Scott Morrison: (34:37)
In response to the question, I wouldn’t see it in the lens that you have. I would put it more this way, that I think what we’re doing here in hearts is what we’re doing before. I think what we’re doing here is … When I first became prime minister, we did have at that stage the highest number of women ever appointed to a cabinet, and that has now been restored, and I’m very pleased about that. I’ve always wanted to ensure there is a strong voice of women in my government, and there has been. I think what we’re announcing today goes further than that. I think it sets a new benchmark. It sets a new ambition for our government to ensure that we infiltrate all aspects of government.

Scott Morrison: (35:24)
I mean, the big change here is this: previous governments, previous cabinets have had a minister for women who is expected to cover every single issue that relates to challenges confronting women in the government. I don’t think that, from experience, is a very constructive way to get outcomes and results for women. The whole government needs that, and so what I’ve done here is not just have one. I’ve got many. In fact, every single member of the cabinet as others have pointed out, but in particular, I have very capable women serving in some very important portfolios: Home Affairs; Home Affairs, a big law enforcement portfolio of government; the attorney general, another big important portfolio; [inaudible 00:36:15]; the minister for foreign affairs; minister for environment; within treasury, another of the big institutions of government, ensuring that my female ministers aren’t just in cabinet, but they’ve got their hands on the levers of government in some critical portfolios directly, and a part of a government that is completely focused on ensuring that we understand how we need to deliver for women across the country.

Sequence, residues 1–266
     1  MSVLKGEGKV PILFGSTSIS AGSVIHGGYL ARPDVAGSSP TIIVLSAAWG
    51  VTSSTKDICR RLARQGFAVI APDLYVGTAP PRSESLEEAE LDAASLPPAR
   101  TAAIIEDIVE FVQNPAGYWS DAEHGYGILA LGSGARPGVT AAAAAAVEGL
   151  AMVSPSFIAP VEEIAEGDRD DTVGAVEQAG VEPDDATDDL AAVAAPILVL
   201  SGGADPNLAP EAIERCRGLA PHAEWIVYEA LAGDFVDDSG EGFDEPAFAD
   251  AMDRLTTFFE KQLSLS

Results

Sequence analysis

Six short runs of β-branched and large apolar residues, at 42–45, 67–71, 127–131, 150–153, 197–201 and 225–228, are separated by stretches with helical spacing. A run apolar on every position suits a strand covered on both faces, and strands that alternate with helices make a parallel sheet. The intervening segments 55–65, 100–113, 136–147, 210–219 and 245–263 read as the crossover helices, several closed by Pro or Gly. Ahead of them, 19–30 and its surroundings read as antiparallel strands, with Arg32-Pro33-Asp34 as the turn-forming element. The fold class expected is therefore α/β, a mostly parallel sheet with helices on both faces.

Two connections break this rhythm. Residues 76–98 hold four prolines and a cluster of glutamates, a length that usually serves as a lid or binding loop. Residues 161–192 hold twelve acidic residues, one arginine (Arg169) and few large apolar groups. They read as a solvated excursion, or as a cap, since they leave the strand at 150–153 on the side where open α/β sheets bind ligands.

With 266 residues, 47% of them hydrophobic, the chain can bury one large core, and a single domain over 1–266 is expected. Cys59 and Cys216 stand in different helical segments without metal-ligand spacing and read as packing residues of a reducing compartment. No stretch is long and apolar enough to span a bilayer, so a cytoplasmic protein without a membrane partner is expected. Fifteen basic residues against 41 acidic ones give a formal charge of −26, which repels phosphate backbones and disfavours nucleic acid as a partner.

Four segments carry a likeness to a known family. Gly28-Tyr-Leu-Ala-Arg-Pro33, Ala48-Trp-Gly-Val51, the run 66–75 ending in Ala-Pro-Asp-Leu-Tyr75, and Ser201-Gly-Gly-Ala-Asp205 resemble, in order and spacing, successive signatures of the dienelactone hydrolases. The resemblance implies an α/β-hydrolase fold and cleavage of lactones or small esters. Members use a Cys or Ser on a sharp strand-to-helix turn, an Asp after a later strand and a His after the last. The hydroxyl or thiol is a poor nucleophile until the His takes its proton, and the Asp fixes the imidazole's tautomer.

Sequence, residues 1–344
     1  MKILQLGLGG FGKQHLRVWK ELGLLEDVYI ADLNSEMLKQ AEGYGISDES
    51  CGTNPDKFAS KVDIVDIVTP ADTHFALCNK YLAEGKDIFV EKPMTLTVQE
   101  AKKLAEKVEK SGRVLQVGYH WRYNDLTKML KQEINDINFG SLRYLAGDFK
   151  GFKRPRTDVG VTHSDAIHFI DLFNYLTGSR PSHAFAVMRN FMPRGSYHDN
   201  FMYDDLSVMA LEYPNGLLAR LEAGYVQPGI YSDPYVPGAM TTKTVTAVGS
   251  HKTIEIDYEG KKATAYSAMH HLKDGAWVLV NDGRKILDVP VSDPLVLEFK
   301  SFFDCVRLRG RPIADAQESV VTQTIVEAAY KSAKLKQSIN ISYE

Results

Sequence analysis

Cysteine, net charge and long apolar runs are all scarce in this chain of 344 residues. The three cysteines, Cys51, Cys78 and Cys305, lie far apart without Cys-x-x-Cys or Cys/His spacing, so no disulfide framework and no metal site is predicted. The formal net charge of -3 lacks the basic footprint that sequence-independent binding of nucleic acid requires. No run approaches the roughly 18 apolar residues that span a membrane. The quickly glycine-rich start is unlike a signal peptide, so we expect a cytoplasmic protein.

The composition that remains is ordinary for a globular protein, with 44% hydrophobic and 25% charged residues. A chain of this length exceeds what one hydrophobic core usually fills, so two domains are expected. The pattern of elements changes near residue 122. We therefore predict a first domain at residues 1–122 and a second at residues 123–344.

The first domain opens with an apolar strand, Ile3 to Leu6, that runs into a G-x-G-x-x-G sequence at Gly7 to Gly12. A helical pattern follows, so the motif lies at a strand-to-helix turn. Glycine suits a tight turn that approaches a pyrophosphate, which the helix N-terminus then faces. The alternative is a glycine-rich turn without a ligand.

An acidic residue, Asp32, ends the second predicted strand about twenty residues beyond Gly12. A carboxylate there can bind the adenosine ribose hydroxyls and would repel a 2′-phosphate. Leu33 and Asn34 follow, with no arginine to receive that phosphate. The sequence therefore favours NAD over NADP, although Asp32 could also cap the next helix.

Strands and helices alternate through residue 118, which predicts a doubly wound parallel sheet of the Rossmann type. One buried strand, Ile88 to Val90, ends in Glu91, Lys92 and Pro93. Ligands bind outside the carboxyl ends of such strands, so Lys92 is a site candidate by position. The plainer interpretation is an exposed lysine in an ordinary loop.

Scott Morrison: (36:39)
So that’s probably how I’d put it, Catherine. I don’t know if I’d describe it as a previous deficiency. I’d say previously when there was six women in my cabinet, that was also a pretty high Mark compared to previous governments. And to go back to seven, I’m really pleased about that, and I know that there are more that can come in the future, and those women are coming through our ranks now. Jane Hume is very new to the ministry, but she’s got off to a tremendous start. She’s an excellent treasury minister. Amanda Stoker has only just joined the assistant ministry together with Nola Marino amongst the liberals, and with Michelle, who has served as the national minister for some time, and she is already hard at work working with myself and Michaelia Cash in our response to Respect at Work. As I told the parliament last week, I’ve taken personal responsibility for ensuring we bring that together. We had an excellent discussion in cabinet about this just last week, and there’ll be more, and I’m looking forward to outlining that response before the budget. Marise?

Minister Payne: (37:44)
And on criminal justice, we obviously know that reporting and going through the difficult process of pursuing criminal justice in these matters is very difficult, and the numbers are very low for those who have been impacted who choose to do so. I’m very conscious of that. And although there have been some reforms, I think it is an area in which we can do more work. I look forward to engaging with Michaelia Cash as the attorney general on that. I know, having spoken to organizations like Women’s Legal Services Queensland or Domestic Violence New South Wales, that they are issues they put firmly on the table, and they are also issues which are on the table for the women’s safety ministers, and I think it’s part of the development of the next action plan and part of that summit process, which is embedded in that they will have to be canvassed very seriously.

Minister Payne: (38:41)
And although most of the leavers in criminal law are state and territory, not all of them, but many of them, we will be endeavoring to bring those jurisdictions with us in that conversation to make sure that we can address those concerns and remove the barriers that exist. I think the phrase that we hear is often “I didn’t think I would be taken seriously.” Well, that’s not what our criminal justice system is here to do. Our criminal justice system is here to take victims of crime, whatever it is, seriously, and I think that there is more work to be done in that area. I look forward to being part of it.

Scott Morrison: (39:22)
We have time for three more. We’ll go one, two, three.

Speaker 4: (39:24)